Food fright

I've been saying good-bye to far too many things that I'd been looking forward to taking for granted.

The Archdiocese of Los Angeles sold the Self Help Graphics building in East L.A. right out from under the non-profit. "Witchblade" comic-book creator, Michael Turner, passed away last week at the age of 37. I may not have been a great fan of his work, but, like every other geek, knew the story of how he broke into the comics business in 1993 after attending a Comic-con convention.

Yesterday, Kevin shared news that the Los Angeles Times may cut the Food section! How can they even contemplate such an act. If Mark Sarvas over at The Elegant Variation can suggest improvements for the Book Review section, then it is time to lobby for the Food section. The Food section is the last piece of my childhood left in this town. The powers that be canceled LA TV legend "Hobo Kelly," yanked TV horror host "Grimsley Presents" off the air in the late '70s, and closed Bungalow News in Pasadena.

If Mr. Zell and Co. trim the Food section, there will be hell to pay. Managers should never underestimate the Food section as it attracts an engaged and loyal readership. I recently cleaned out my mother's kitchen cabinets, which were stuffed with Food section clippings from as far back as the '60s. I know that she's not the only recipe obsessive in the Southland.

The food pages are one of the most interactive parts of the paper. Where will people find answers to culinary quandaries such as how to prepare dishes like the ones that they enjoy at places like Caf des Artistes? The Food section was a blog before there was even an Internet. Without the Food section, how will consumers maintain a balance of power against celebrity chefs gone wild without restaurant reviews written by Good Cop, S. Irene Virbila, or Bad Cop, Leslie Brenner?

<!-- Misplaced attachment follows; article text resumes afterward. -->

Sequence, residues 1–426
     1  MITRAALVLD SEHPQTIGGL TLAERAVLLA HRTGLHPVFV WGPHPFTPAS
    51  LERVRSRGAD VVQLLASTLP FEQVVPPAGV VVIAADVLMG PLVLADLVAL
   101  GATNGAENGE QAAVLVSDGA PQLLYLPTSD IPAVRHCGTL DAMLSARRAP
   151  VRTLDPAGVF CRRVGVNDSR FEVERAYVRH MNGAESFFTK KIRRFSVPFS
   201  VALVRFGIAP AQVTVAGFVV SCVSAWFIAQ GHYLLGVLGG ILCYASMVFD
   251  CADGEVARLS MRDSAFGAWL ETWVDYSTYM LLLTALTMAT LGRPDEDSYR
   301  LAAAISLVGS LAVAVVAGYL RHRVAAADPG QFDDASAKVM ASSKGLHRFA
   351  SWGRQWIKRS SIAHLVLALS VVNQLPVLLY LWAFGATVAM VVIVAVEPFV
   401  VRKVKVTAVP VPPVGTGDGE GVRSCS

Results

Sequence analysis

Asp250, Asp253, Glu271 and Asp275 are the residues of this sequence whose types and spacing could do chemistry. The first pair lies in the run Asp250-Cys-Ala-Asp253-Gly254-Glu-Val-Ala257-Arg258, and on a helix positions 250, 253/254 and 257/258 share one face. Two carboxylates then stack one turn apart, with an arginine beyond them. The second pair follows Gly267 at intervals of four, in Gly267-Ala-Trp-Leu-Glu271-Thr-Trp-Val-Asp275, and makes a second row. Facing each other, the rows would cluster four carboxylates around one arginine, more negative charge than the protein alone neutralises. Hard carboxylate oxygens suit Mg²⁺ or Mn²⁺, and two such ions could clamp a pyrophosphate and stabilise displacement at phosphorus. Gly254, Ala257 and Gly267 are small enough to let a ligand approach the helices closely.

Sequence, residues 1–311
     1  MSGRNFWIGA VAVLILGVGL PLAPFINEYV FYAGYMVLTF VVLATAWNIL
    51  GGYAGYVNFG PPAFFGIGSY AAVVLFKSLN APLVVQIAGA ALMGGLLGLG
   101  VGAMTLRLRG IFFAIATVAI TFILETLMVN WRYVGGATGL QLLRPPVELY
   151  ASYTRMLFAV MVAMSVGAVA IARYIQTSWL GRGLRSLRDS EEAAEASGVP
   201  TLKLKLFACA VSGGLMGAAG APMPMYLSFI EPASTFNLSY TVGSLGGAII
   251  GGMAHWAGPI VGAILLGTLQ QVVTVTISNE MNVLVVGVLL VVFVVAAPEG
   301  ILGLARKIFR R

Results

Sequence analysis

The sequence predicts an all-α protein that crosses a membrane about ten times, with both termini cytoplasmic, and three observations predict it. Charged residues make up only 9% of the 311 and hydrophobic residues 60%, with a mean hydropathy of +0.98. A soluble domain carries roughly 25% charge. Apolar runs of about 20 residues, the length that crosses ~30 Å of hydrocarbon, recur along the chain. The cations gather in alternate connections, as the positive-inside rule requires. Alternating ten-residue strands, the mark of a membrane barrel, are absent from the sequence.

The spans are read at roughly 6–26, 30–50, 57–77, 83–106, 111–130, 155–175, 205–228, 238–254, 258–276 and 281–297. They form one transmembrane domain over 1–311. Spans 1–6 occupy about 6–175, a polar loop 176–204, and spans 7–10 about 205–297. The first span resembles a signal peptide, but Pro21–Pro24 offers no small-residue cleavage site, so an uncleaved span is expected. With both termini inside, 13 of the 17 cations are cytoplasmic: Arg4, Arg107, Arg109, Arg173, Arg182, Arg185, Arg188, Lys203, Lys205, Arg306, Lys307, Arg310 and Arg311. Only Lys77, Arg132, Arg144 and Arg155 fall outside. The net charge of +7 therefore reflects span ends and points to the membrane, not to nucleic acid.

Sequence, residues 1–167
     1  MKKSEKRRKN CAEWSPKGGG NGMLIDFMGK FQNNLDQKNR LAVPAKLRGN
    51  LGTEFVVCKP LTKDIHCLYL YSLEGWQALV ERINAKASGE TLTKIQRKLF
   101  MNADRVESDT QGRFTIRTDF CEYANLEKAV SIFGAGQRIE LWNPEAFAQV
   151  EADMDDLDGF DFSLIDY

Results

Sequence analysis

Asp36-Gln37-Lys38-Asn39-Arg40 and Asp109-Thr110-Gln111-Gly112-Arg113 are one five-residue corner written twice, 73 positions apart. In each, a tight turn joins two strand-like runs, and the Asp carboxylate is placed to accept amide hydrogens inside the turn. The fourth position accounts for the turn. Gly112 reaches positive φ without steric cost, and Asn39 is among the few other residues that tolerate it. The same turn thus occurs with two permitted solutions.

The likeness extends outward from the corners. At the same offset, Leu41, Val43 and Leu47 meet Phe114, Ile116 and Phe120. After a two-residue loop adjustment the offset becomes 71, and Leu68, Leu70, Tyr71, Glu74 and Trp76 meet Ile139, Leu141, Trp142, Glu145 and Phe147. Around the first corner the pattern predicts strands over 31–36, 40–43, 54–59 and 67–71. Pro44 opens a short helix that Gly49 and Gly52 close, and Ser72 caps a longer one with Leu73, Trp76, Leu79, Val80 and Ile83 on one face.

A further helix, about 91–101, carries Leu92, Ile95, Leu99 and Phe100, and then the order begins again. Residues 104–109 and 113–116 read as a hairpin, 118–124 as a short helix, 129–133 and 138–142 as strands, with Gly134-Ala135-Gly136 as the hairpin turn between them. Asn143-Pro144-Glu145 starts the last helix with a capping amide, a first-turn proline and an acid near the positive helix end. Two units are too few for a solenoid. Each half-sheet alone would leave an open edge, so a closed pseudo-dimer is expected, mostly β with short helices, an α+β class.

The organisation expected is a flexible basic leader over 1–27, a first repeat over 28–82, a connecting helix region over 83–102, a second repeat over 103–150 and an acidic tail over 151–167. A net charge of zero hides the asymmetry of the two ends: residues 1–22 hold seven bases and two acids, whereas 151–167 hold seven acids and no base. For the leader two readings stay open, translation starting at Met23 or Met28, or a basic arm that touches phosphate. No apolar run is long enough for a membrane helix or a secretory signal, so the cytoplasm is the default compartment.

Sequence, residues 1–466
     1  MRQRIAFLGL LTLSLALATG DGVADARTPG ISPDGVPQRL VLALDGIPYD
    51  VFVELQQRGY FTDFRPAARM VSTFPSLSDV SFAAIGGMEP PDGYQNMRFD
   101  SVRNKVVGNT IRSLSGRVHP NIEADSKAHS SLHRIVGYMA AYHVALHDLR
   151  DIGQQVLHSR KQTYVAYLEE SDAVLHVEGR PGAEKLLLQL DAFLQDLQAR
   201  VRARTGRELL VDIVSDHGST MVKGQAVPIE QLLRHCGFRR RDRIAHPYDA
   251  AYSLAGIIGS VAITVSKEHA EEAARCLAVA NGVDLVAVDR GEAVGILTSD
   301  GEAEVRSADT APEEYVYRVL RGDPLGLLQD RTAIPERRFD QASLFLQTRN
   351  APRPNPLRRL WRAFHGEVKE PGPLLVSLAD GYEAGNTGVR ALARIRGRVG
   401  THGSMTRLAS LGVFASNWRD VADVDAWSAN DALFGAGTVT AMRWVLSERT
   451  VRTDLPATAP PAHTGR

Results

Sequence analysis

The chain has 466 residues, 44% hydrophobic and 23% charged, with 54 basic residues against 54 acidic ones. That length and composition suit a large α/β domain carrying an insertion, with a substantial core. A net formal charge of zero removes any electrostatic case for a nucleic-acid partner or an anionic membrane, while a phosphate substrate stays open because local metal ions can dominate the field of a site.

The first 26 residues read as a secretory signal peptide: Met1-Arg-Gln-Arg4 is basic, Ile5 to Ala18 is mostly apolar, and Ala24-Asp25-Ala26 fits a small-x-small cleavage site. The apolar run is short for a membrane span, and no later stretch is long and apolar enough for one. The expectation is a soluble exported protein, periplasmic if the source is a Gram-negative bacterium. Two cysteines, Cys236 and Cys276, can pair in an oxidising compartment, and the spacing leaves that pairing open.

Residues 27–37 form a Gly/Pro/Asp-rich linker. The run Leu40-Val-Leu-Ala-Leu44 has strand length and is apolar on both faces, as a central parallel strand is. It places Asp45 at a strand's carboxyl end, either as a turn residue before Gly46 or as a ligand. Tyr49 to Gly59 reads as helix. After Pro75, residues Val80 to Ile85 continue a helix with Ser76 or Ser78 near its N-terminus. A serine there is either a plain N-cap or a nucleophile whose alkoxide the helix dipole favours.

Sure, the the Pulitzer Prize nomination committee has yet to recognize LAT food reviewers, but who can really compete with the inimitable Jonathan Gold? That doesn't mean Angelenos don't love the Food section any less; indeed, in May the Association of Food Journalists awarded a prize to the section for Best Newspaper Food Section (Circulation 300,001 and over). Staffer Russ Parson also won the Best Newspaper Food Feature (Circulation 323,001 and over) prize for his piece on the squid fishery industry, "Lights, Nets, Action." And don't even think about yanking out the test kitchens. Test kitchen manager Noelle Carter and director Donna Deane are vital to the enterprise. Vital. Their crackerjack quality assurance department is the only thing that separates the Tribune Co. and its shareholders from the puking masses and their lawyers.

Once upon a time, the Times Mirror Company had a publishing company designed to publish the newspaper's best work. The Food section provided most, if not all, of the content for quality cookbooks like Betsy Balsley's Los Angeles Times California Cookbook or Rose Dosti's Dear S.O.S.: 30 Years of Recipe Requests to the Los Angeles Times . The Food Section can provide similar ancillary revenues in the future.

Contrary to East Coast misperceptions, Angelenos don't like change. It would be a shame to alienate one of the paper's remaining fan bases. If the LAT axes the Food Section, I just hope the top brass remembers that Food section fans also know how to wield cleavers.


More by Adrienne Crew:
Misquoting Dorothy Parker
A taste of Henry Rollins
A cash cook-off
Celebrating Marion Davies in Santa Monica
Visiting Dawnridge with Hutton Wilkinson
Previous Native Intelligence story: Sex on my mind as librarians take over the Anaheim Convention Center

Next Native Intelligence story: Beyond Baroque in another bind*

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